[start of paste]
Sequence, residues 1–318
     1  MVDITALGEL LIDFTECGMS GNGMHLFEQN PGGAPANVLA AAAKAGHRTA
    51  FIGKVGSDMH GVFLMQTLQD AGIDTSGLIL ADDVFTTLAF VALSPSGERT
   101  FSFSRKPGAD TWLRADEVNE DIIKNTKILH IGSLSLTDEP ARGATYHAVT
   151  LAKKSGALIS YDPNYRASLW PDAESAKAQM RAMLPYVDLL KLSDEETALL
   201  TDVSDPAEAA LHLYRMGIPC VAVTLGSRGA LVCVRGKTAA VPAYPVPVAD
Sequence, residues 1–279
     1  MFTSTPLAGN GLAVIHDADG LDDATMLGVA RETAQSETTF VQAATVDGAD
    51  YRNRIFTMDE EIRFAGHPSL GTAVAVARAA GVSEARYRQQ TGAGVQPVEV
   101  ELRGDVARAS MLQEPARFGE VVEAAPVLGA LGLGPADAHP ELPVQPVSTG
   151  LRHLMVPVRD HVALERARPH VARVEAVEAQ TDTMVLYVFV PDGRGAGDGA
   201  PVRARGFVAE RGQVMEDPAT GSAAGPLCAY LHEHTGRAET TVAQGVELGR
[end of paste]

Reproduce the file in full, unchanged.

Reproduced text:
Sequence, residues 1–318
     1  MVDITALGEL LIDFTECGMS GNGMHLFEQN PGGAPANVLA AAAKAGHRTA
    51  FIGKVGSDMH GVFLMQTLQD AGIDTSGLIL ADDVFTTLAF VALSPSGERT
   101  FSFSRKPGAD TWLRADEVNE DIIKNTKILH IGSLSLTDEP ARGATYHAVT
   151  LAKKSGALIS YDPNYRASLW PDAESAKAQM RAMLPYVDLL KLSDEETALL
   201  TDVSDPAEAA LHLYRMGIPC VAVTLGSRGA LVCVRGKTAA VPAYPVPVAD
Sequence, residues 1–279
     1  MFTSTPLAGN GLAVIHDADG LDDATMLGVA RETAQSETTF VQAATVDGAD
    51  YRNRIFTMDE EIRFAGHPSL GTAVAVARAA GVSEARYRQQ TGAGVQPVEV
   101  ELRGDVARAS MLQEPARFGE VVEAAPVLGA LGLGPADAHP ELPVQPVSTG
   151  LRHLMVPVRD HVALERARPH VARVEAVEAQ TDTMVLYVFV PDGRGAGDGA
   201  PVRARGFVAE RGQVMEDPAT GSAAGPLCAY LHEHTGRAET TVAQGVELGR